When you exercise, your body uses different energy sources, primarily carbohydrates and fats. Meanwhile, the fat-burning zone represents the range of heart rates at which your body burns more fat for fuel.
South African health coverage provider Affinity Health explained that this zone typically falls within 60% to 70% of your maximum heart rate (MHR).
“Your MHR is a rough estimate of the maximum number of beats your heart can handle in one minute, and it's often calculated using the formula 220 - your age,” Affinity Health CEO Murray Hewlett says.
“For example, if you're over 30, your estimated MHR would be 190 beats per minute (220 - 30), so, in this case, your fat-burning heart rate zone would be 114 to 133 beats per minute (60% to 70% of 190).”
Hewlett also debunks the myth that the fat-burning zone is a “magic bullet”.
“It's important to understand that the fat-burning zone doesn't magically help shed unwanted kilograms without having to put in the work.”
Hewlett explains why below:
Calories still matter
Hewlett explains that while fat calories are burnt in the fat-burning zone, the overall number of calories burned might be lower than in higher-intensity workouts.
“Weight loss ultimately boils down to burning more calories than you consume.”
Total fat burn
Hewlett adds that working out at a higher intensity may lead to higher complete fat burn, even though the percentage of calories burned from fat is lower.
“It's like the difference between a gentle, steady stream eroding a rock over time and a powerful waterfall breaking it down faster.”
Time and consistency
Staying in the fat-burning zone for extended periods can be time-consuming, Hewlett concedes but insists that it is crucial to consider individual lifestyles, and how much time is devoted to exercise.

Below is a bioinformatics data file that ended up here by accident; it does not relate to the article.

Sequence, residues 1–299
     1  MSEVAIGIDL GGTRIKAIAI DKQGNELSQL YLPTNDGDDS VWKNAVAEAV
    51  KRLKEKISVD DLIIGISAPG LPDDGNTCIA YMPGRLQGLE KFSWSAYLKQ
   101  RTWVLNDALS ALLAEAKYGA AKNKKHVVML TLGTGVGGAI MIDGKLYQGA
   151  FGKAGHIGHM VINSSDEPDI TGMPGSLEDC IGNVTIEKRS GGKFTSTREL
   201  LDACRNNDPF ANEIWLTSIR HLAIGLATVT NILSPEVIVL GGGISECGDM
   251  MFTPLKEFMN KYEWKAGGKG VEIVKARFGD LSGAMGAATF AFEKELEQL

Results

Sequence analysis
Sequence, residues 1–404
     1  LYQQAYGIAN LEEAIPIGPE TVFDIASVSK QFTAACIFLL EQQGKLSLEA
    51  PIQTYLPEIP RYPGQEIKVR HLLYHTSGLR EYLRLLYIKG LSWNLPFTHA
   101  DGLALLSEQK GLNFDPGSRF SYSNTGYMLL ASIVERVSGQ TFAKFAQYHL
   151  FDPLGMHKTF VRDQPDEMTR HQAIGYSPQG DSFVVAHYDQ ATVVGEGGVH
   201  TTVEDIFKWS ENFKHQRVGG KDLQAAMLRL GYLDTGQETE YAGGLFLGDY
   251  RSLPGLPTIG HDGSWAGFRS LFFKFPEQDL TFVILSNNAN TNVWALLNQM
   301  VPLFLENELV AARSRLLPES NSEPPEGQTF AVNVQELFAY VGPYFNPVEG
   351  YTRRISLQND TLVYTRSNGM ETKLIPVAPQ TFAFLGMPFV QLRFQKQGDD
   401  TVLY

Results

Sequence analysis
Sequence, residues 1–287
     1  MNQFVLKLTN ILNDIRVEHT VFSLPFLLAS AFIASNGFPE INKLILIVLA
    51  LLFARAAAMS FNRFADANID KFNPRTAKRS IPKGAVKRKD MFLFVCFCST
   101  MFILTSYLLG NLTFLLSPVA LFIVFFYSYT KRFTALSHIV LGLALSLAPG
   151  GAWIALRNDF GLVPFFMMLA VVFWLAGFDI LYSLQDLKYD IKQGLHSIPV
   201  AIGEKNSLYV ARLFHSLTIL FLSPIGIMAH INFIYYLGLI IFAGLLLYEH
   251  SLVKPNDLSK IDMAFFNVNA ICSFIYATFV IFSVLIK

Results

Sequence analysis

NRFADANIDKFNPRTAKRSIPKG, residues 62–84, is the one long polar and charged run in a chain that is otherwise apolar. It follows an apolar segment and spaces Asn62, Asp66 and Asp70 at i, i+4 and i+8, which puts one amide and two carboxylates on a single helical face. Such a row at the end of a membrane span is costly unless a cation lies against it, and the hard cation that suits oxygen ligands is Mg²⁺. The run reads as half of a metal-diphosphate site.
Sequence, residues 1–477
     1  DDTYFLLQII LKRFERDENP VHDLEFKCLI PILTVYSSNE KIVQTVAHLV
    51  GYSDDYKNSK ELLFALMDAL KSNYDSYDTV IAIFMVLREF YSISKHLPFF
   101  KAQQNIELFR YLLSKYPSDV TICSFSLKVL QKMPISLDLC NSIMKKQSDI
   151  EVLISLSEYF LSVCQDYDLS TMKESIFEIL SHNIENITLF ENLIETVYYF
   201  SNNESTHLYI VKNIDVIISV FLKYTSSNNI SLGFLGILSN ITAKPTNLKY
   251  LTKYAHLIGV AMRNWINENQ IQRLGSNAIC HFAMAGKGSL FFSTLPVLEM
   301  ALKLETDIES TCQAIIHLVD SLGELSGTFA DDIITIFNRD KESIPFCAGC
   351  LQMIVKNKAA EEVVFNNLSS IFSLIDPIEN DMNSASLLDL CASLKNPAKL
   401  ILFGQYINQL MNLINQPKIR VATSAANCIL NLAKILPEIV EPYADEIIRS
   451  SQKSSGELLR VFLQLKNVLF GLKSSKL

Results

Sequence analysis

Individual variations matter
Hewlett says that it is essential to recognise that individual variations play a significant role in the effectiveness of the fat-burning zone.
This includes genetics, fitness level, and metabolism, which can influence how your body responds to exercise. “What works for one person might work differently for another,” he explained.
Finding your fat-burning zone
You might wonder, ‘Is the fat-burning zone still relevant?’ In short, Hewlett says, the answer is “yes”. This is particularly the case for beginners, those with medical conditions, or individuals looking for a low-impact workout.
Hewlett adds that while calculating your fat-burning zone, the easiest way to ensure you're exercising within your target heart rate range is to wear a heart rate monitor during workouts.
He notes that many fitness trackers and smart watches have this feature built-in.
"Some exercises can burn more calories per hour than others."
He advises that to burn the maximum calories, you should consider running. “Running is the biggest calorie-burning activity per hour.”
But if running isn't your thing, other calorie-burning activities include high-intensity interval training (HIIT) workouts, jumping rope, and swimming.
“You can perform any combination of these exercises depending on your interests and fitness level," he said.
Practical tips for effective fat burning
Hewlett advises starting with a light warm-up to elevate your heart rate gradually. This, he explains, prepares your body for more intense exercise.
“While the fat-burning zone can be effective, keep yourself open to workouts outside this range.”
Hewlett also advocates for incorporating a variety of workout intensities to keep routines exciting, and to maximise overall calorie burn.
“Remember that muscle burns more calories at rest than fat (about 50 times more), so incorporate strength training into your fitness regimen to boost your metabolism,” he said.
“Give your body adequate time to recover between workouts because over-training can lead to burnout and hinder your progress.”
Tracking your progress
To gauge the effectiveness of your workouts within the fat-burning zone and assess your weight loss journey, Hewlett recommends keeping an eye on changes in your body measurements, such as waist circumference and body fat percentage.
“Notice how you feel during and after your workouts. Increased energy levels and improved stamina can be indicators of progress.”
And while this is not the sole measure of success, tracking your weight on a scale over time can help you see trends and make necessary adjustments to your routine, Hewlett says.